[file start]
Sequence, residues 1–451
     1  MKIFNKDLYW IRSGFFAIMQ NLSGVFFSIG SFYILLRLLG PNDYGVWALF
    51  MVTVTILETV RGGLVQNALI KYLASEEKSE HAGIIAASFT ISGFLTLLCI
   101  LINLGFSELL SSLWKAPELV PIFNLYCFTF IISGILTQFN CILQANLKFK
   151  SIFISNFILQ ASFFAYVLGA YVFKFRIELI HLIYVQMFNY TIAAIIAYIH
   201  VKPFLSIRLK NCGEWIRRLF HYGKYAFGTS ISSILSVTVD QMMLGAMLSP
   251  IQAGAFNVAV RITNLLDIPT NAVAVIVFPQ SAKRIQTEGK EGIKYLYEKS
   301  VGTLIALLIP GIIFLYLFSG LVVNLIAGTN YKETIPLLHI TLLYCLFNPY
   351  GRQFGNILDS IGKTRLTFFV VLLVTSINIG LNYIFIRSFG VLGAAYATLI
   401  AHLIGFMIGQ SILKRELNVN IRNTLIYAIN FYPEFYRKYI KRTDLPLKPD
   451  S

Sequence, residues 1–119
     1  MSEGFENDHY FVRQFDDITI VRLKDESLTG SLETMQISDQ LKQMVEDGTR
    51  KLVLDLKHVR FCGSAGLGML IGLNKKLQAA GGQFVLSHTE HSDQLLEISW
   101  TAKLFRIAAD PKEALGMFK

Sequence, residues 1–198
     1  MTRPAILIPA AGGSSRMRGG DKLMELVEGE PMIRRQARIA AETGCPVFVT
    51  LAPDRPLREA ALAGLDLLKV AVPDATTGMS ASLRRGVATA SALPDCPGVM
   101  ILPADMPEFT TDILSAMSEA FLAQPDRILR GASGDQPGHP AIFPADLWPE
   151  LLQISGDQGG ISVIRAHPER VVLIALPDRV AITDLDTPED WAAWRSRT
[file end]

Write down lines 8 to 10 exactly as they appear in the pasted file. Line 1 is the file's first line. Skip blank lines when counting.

   301  VGTLIALLIP GIIFLYLFSG LVVNLIAGTN YKETIPLLHI TLLYCLFNPY
   351  GRQFGNILDS IGKTRLTFFV VLLVTSINIG LNYIFIRSFG VLGAAYATLI
   401  AHLIGFMIGQ SILKRELNVN IRNTLIYAIN FYPEFYRKYI KRTDLPLKPD